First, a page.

A laminectomy is a type of decompression surgery that relieves pressure on the spinal cord and exiting nerves by enlarging the spinal canal. Lamina along with the spinous process are located in the back portion of each vertebra. During this procedure the lamina is removed along with a portion of the enlarged facet joints and thickened ligaments overlying the spinal cord and nerves.
Two bilateral laminae are located the back portion of each vertebra. They are the part of the vertebral bone that forms the vertebral arch or posterior roof of the spinal canal through which the spinal cord travels.
When the spinal canal narrows due to deterioration of the spinal column, pressure on the spinal cord and nerve roots develop. This narrowing of the spinal canal is known as spinal stenosis and this condition can give rise to symptoms of pain and other neurological dysfunction. In some cases of spinal cord compression myelopathy can develop, producing sensory changes and weakness in both extremities, a loss of coordination, and incontinence in bowel/bladder function.
A surgical procedure known as a laminectomy may be recommended when conservative therapy has failed to provide relief, when symptoms interfere with daily life, or if the spinal cord is at risk of permanent injury. The goal of the procedure is to relieve pressure on the nerve roots and the spinal cord, as well as to help the surgeon gain better access for treating other spinal damage, such as a herniated disc or bone spurs.
In the process of “unroofing” the spinal canal with a laminectomy, enlarged ligaments along the back of the spine are removed. Arthritic facet joints may also be shaved to provide more room for exiting spinal nerves. In conjunction with a laminectomy additional surgical procedures may be performed to further relieve nerve pressure, remove excess or damaged tissue, and provide stability to the spine.
Contingent upon the extent of the spinal stenosis one or more vertebrae may required the laminectomy procedure. In suitable cases, a laminotomy, or removal of only a portion of the lamina that is causing the impingement of a nerve is possible.
Spinal fusion is a surgical procedure to permanently join two or more vertebrae in the spine. The connected vertebrae fuse together to form a one solid bone and immobilize that segment of the spine.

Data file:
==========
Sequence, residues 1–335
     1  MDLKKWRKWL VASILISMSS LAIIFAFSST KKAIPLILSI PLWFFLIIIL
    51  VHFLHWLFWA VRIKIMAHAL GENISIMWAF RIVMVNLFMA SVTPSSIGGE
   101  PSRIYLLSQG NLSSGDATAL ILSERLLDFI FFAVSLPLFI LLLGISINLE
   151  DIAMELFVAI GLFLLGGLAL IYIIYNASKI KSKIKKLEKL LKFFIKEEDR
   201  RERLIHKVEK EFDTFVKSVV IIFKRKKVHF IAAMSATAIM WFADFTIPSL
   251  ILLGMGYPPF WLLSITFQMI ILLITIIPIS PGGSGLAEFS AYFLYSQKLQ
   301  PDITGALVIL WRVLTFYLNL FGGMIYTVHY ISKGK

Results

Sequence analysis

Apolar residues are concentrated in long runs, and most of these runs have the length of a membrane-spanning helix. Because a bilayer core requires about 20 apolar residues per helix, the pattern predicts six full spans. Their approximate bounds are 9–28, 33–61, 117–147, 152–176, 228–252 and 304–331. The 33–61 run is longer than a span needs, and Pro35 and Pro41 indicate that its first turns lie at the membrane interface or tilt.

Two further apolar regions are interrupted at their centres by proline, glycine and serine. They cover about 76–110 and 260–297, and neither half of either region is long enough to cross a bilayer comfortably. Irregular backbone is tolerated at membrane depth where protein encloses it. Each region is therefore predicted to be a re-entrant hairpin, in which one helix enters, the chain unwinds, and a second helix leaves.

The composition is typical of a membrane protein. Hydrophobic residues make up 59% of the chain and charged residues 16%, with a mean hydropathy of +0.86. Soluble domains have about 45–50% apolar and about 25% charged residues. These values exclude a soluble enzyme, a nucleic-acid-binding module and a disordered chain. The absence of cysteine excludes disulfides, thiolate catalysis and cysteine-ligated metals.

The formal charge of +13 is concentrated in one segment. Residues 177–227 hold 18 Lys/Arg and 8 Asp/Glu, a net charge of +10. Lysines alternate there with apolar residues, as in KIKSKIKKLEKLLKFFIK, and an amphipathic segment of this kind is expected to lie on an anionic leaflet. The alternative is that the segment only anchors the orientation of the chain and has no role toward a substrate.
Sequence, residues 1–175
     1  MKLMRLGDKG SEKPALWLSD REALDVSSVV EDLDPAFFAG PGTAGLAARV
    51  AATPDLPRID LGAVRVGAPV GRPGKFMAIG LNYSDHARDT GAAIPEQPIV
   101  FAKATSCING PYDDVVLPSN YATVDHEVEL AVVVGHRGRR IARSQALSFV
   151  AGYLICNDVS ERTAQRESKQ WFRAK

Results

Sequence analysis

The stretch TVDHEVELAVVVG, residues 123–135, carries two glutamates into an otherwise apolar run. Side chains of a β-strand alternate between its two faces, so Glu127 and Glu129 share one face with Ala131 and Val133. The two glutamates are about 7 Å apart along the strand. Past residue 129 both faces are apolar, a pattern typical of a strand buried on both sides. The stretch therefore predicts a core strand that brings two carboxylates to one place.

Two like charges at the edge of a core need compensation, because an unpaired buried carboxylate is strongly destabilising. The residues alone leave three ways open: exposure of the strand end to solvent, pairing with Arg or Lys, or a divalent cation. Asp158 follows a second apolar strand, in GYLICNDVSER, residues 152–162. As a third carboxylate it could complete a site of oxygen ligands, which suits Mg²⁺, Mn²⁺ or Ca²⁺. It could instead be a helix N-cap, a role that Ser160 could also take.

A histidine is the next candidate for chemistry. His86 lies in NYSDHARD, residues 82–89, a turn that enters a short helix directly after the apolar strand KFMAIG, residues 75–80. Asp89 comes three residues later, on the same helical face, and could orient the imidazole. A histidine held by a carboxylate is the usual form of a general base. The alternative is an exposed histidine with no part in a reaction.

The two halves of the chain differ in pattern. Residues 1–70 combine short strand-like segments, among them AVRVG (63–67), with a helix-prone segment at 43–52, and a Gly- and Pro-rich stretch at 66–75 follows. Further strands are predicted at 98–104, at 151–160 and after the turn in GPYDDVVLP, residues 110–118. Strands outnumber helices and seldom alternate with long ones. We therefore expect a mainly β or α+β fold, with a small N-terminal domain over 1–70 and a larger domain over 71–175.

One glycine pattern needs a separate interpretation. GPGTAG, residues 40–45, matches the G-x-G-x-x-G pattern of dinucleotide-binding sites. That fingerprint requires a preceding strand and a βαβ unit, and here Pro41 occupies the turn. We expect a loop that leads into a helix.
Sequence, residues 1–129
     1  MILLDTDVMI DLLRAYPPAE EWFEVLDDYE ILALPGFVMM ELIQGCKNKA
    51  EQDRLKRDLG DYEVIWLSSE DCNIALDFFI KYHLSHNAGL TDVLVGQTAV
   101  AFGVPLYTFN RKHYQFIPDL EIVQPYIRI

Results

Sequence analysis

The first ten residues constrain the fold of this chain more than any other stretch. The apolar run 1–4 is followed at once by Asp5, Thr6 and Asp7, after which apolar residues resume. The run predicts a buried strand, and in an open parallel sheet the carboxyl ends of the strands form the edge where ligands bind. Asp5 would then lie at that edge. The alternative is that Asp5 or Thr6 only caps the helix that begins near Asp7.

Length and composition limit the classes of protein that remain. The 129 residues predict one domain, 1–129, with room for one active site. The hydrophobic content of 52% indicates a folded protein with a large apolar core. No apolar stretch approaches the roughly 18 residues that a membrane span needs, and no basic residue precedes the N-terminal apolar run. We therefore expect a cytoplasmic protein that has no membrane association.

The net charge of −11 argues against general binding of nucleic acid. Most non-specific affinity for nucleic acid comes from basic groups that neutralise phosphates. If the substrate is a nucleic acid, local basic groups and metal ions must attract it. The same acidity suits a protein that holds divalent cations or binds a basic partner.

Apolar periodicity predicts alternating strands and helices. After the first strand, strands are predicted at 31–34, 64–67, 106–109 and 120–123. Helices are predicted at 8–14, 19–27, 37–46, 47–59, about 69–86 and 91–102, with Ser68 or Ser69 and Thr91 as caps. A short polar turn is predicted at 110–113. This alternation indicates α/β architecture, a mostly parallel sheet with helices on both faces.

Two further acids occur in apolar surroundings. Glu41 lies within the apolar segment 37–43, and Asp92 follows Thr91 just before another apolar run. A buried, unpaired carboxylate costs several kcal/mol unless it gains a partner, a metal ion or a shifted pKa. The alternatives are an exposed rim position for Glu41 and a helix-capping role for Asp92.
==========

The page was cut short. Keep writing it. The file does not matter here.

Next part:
Spinal fusion may be indicated to reduce significant pain and symptoms that have not responded to non-surgical treatment, to improve spine stability, or correct a significant spinal deformity.
A spinal fusion procedure may be suggested in cases of:
Immobilizing adjacent vertebrae with spinal fusion reduces the pain associated with movement of that spinal segment. In order to fuse the vertebrae the placement of a bone graft and/or bone graft substitute is required. The graft will stimulate bone growth and healing, so that the vertebrae eventually fuse together into one bone. Internal fixation in the form of screws, plates, or rods, may be used at the time of surgery to stabilize that segment and promote healing. Additional procedures may be performed in conjunction with spinal fusion to address other issues such as stenosis and disc problems.
Spinal fusion can restrict spine mobility but since it is typically confined to a small segment, the overall effect is limited. However because there is no movement between the vertebrae that have been fused, additional stresses may be placed on the adjacent vertebrae.
It will take some time for the bone to fully fuse. In some cases a brace might be recommended to support the spine and keep it correctly aligned. A successful spine fusion outcome relies on appropriate post-operative care. Instructions and physical therapy to learn how to sit, stand, and walk will be given. Avoiding activities that may place the bone graft at risk is essential.
Disc replacement is the substitution of an artificial disc for an unhealthy intervertebral one. It is performed to alleviate the symptoms of degenerative disc disease, which occurs when the discs wear out from the effects of long-term stress and strain on the spine due to aging or as a result of injury. An artificial disc is designed to imitate the functions of a healthy disc by allowing spine to maintain its natural mobility.
Artificial disc replacement (ADR) may be considered in the presence of severe and prolonged symptoms from a damaged disc that have not responded to a course of non-surgical therapy. Up until recently, spinal fusion was the most common surgical procedure performed to treat unremitting disc problems. Today safe and effective artificial intervertebral discs replacement procedures offer select patients another surgical option.
Artificial disc replacement may be performed for the lower back (lumbar spine) or the neck (cervical spine). The goal of replacing a damaged disc with an artificial one is to reduce debilitating symptoms and to restore normal motion to the spine. A new prosthetic disc facilitates the natural mobility of the spine and restores function to that segment. It also reestablishes the height between the vertebrae. This helps to alleviate any nerve impingement and reduce unhealthy stresses that have been placed on adjacent intervertebral discs and structures. These improvements can ward off further deterioration of nearby spinal structures and prevent additional problems.
Patients who have undergone a disc replacement procedure may be up and walking soon after surgery. The doctor will monitor the healing process and provide guidelines for a resumption of activity along with recommendations for supportive therapies.
Scoliosis is a term used to describe disorder in which a sideways curve of the spine is present. A normal backbone appears straight when viewed from the front or back and does not exhibit any lateral curvature. Scoliosis can occur as single arc to either the left or right side, or arc twice giving the spine an “S” shape.